War hero Peter Townsend, who was romantically linked to Britain's Princess Margaret in the 1950s, has sold his medals at auction to raise money for child war victims. Townsend, who will be 74 on Nov. 22, was the first British pilot to shoot down a German plane in World War II. He described the 1940 air fights of the Battle of Britain as the "greatest spiritual and human experience of my life." Later, he served as an aide to King George VI in Buckingham Palace and met the monarch's younger daughter, Margaret. They fell in love but the queen refused to let them marry in 1954 because Townsend was divorced. The following year Margaret publicly renounced Townsend and later married Lord Snowdon (whom she divorced in 1978). Townsend was not present for the auction at Sotheby's in London, which sold the 12 medals and Townsend's original flying log books to an anonymous Canadian collector for $39,380. Townsend's interest in child war victims was sparked by his work with Vietnamese boat people.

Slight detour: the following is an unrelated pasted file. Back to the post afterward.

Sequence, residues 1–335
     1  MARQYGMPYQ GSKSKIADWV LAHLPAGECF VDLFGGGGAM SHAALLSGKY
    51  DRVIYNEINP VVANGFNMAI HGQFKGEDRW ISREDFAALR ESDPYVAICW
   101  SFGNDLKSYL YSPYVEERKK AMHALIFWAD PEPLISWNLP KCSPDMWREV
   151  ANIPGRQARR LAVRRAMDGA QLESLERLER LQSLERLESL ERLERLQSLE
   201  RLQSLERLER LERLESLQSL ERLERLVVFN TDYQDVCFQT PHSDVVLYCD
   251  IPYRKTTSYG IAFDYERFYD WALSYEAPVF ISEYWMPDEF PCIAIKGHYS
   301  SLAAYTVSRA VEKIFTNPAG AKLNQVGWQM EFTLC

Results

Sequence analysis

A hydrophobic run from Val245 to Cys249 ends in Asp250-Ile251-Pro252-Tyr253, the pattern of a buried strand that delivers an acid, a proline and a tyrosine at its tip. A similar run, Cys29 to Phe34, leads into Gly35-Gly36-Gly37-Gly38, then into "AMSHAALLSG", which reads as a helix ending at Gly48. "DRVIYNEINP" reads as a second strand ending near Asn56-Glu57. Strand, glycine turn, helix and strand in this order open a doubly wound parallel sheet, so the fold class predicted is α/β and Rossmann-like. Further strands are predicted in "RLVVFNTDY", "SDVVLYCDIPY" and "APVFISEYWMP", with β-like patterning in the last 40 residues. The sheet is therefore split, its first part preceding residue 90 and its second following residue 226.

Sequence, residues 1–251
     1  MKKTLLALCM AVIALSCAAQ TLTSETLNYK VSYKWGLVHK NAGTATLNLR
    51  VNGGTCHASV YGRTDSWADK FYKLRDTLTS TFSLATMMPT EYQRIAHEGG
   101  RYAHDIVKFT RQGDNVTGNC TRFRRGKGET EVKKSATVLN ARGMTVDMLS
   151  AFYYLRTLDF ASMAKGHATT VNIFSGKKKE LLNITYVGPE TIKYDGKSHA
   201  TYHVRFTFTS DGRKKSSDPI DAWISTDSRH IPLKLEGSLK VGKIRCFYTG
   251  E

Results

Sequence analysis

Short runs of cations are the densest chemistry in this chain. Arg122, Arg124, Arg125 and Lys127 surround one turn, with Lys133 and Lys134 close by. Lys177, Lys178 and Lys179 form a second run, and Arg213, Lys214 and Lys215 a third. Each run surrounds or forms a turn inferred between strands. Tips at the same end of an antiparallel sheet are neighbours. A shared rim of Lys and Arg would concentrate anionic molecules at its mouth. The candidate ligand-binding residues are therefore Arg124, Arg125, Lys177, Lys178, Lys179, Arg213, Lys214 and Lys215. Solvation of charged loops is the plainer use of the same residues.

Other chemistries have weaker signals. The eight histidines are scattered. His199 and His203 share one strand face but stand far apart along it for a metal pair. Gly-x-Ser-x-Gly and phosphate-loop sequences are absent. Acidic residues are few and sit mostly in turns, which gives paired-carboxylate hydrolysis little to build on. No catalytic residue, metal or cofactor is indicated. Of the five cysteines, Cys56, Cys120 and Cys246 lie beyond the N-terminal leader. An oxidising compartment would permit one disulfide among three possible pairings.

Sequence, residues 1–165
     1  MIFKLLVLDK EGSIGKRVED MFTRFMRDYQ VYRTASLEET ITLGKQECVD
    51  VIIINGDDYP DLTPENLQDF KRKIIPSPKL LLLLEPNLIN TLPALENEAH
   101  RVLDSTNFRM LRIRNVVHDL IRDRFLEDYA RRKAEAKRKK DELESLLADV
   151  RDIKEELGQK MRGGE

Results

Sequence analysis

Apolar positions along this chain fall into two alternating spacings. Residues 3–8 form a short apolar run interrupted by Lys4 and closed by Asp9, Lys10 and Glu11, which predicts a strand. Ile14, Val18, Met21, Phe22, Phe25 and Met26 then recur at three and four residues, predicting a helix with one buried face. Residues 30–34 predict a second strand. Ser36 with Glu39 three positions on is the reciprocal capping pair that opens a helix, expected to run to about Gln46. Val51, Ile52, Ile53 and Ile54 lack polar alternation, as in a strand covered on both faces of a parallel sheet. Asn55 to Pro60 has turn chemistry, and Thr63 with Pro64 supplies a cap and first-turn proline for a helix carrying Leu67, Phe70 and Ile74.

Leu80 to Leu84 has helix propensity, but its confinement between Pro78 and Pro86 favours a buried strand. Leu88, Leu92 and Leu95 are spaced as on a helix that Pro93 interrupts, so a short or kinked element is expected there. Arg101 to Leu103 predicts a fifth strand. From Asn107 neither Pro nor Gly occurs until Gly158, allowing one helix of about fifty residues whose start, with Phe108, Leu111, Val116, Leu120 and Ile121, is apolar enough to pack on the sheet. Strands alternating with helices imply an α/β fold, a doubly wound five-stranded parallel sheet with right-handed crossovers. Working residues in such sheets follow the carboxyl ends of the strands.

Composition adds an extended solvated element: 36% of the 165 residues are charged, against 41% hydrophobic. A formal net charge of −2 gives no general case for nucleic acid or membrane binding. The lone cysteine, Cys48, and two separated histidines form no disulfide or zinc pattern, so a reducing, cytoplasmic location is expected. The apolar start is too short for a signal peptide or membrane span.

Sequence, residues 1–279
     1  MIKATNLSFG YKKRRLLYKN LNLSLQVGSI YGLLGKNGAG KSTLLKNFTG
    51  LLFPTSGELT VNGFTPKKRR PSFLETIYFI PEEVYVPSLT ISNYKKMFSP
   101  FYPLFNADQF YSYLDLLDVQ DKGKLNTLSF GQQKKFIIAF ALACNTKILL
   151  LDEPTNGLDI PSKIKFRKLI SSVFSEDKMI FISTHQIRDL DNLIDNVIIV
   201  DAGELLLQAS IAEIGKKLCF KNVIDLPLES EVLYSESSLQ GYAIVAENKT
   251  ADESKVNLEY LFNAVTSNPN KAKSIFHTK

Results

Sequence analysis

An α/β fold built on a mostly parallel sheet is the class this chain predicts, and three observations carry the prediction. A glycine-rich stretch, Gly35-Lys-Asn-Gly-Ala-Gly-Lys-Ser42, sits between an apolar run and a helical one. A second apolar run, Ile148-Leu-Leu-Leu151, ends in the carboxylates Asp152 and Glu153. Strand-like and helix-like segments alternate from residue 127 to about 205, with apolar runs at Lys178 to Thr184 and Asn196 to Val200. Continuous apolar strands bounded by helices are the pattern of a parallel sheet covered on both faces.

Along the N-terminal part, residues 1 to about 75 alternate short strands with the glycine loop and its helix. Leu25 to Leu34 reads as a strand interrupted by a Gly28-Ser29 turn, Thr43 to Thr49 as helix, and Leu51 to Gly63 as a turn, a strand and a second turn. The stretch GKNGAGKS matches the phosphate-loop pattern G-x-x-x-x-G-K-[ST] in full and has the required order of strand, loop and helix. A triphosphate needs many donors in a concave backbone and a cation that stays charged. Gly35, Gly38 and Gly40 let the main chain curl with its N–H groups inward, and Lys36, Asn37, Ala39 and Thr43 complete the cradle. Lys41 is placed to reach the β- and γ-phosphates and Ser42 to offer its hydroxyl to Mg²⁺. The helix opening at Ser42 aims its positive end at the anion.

--A centenarian regarded as the last survivor of the Spanish-American War era is celebrating Veterans Day today by sending greetings to U.S. military personnel around the world. Nathan Cook, 103, gave up a 50-cent-a-day job at a Kansas City packing plant at the age of 15 to enlist in the Navy after seeing a poster that beckoned: "Join the Navy and See the World." His 44-year career began with training at the tail end of America's war with Spain and included service in both world wars. Cook, who lives in a VA nursing home in Phoenix, said he will tell the 500,000 men and women who will receive his message, "you can be proud of your military service." His greetings will be sent to 21 bases and numerous American warships on active duty.